Calculate Quaternion upward ? to keep the rotation of camera

May be its the old problems, but I still deeply troubled by this for few days long.

I working on the project to control the camera follow the target(player), those objects without any hierarchy relationship. which mean independent objects in the scene.

let’s make it short, Imagine a spaceship to move around and camera following it. {Pic01}

when the camera on-top/at-bottom of that spaceship {pic02} camera will start fliping, it is because the upwards reference is based on world’s upwards {in this case Vector3.up}, at that point Quaternion cannot calculate the upward of camera, both x & z axis are zero. I call this zero-point, correct me because I didn’t know the name of this point.

therefore after camera get pass zero-point the camera will rotate 180 degree, but this is not the result that we want, we want it keep the camera’s head point to the ground{Vector3.down}

so here is the question, can we calculate the upward ??
in my program I already have following values

  • Polar, Elevation, Distance related to chasing target.
  • target forwards, target upwards

here is the video to show the real issue.

Video here. !!!

Video here. !!!

Video here. !!!

First off, I believe the key problem you’re encountering is Gimbal Lock, an incidental result of Euler Angles to calculate rotation (i.e. 0-360 degrees).

Essentially, there are multiple ways of representing the same rotation. Rotating 180 degrees on the Y axis can also be achieved by rotating 180 degrees on both the X and Z axes. Unity doesn’t know which is intended, since they both look the same to it and are fundamentally being calculated as Quaternion rotations first.

With that out of the way… If I follow your description correctly, you’re using transform.LookAt to follow the character. One simple approach to this would be to make use of the overloaded function transform.LookAt(Target, WorldUp). You could use something like

// C#
float orientationFix = Mathf.Abs(Vector3.Dot(targetPosition - cameraPosition, Vector3.Up));
Vector3 newUpVector = Vector3.Lerp(Vector3.up, Vector3.forward, orientationFix);
cameraObj.transform.LookAt(playerObj, newUpVector);

as a simple remedy to the problem. The use of Vector3.forward could be retooled based on the needs for your game.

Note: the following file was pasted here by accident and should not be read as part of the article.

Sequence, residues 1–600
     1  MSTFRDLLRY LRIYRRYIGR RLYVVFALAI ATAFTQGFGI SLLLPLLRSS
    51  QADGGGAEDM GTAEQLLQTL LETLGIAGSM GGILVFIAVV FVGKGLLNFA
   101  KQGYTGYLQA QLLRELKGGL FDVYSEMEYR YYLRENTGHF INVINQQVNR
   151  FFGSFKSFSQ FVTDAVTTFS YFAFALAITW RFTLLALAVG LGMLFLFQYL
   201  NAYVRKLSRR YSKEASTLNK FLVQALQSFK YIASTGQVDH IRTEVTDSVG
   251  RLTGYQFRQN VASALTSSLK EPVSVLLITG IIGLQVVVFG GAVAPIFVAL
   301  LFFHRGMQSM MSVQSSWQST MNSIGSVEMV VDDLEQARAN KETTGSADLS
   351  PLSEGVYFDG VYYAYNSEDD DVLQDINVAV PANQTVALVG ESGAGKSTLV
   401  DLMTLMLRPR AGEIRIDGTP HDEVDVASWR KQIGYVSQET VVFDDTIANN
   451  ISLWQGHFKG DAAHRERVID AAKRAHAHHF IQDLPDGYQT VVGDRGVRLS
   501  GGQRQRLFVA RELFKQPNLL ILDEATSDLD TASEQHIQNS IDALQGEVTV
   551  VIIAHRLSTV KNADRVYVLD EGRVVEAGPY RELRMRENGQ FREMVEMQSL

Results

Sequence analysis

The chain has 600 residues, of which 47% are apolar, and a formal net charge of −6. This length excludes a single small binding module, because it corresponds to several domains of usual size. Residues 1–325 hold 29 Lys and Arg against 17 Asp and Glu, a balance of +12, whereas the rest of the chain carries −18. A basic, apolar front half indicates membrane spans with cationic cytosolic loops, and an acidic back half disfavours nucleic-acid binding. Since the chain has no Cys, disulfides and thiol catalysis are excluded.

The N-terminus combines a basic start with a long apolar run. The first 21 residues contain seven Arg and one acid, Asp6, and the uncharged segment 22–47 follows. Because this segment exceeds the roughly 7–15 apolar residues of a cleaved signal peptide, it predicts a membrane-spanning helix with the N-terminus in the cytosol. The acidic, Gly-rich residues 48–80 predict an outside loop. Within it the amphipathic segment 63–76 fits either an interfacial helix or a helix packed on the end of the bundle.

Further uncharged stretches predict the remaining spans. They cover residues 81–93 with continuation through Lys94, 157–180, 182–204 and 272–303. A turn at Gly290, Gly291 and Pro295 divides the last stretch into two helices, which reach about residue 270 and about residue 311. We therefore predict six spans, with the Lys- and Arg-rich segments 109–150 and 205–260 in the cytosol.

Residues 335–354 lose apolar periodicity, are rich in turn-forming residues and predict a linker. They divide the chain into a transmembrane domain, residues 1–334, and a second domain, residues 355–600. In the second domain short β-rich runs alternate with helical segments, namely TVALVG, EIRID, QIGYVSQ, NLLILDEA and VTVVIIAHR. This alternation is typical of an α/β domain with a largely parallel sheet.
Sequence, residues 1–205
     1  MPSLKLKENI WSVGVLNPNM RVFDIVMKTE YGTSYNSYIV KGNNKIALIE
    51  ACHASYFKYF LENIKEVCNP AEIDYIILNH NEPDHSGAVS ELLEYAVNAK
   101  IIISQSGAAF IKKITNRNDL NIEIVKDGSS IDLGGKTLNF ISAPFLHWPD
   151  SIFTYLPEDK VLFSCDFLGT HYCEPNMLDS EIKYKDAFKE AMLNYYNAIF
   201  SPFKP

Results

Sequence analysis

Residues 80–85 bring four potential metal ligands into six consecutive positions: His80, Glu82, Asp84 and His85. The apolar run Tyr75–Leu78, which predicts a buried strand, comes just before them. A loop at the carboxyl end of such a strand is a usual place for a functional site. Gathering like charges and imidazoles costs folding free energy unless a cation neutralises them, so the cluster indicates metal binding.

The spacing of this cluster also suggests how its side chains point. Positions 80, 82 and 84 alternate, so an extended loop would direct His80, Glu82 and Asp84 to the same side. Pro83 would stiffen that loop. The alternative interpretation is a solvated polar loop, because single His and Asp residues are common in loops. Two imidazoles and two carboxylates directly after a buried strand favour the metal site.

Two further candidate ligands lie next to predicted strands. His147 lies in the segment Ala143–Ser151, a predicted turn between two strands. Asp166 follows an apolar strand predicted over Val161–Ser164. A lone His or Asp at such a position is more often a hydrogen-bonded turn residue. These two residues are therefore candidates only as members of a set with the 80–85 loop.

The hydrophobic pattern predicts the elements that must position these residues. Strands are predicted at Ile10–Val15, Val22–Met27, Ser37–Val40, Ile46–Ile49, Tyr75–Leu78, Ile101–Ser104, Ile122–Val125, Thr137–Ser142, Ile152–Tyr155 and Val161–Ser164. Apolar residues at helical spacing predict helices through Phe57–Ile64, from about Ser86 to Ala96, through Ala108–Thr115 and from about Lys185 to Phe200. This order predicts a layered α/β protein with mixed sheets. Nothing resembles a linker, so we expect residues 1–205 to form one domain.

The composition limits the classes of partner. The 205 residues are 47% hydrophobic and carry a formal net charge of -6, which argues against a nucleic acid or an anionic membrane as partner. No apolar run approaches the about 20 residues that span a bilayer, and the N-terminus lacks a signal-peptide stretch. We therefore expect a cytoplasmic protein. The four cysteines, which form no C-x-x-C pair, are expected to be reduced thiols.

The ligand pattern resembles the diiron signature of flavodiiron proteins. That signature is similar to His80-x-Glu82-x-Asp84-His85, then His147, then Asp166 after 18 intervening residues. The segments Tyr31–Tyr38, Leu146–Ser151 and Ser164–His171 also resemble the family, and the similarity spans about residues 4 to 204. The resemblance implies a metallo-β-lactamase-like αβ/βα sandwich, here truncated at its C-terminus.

That said, there are much more elegant and effective solutions to this problem (using much more thorough implementations of Quaternion rotations), but this should provide a smooth transition between perspectives, where the view would lean in and out based on the camera’s current position.

Edit: I apologize if my example doesn’t fit your orientations as intended, but I had a tough time following exactly how this is all being handled.

This is a fully working space-orientation orbit cam. When you don’t assign a target it acts like a freelook cam.

using UnityEngine;
using System.Collections;

public class OrbitCam : MonoBehaviour
    public Transform target;
    public float dist = 10f;
	void LateUpdate ()
        var r = transform.rotation;
        if (Input.GetMouseButton(0))
            r = Quaternion.AngleAxis(Input.GetAxis("Mouse X"), transform.up) * r;
            r = Quaternion.AngleAxis(-Input.GetAxis("Mouse Y"), transform.right) * r;
        r = Quaternion.AngleAxis(Input.GetAxis("Horizontal"), transform.forward) * r;
        transform.rotation = r;
        if (target != null)
            transform.position = target.position - transform.forward * dist;

Since you rotate around local axes you can already end up with any orientation even when you only rotate around two axes. That’s why i added the rotation around the forward axis as well. You might want to use a different input than Horizontal for that ^^. Very common keys are “e” and “q” (like in space engineers as far as i remember).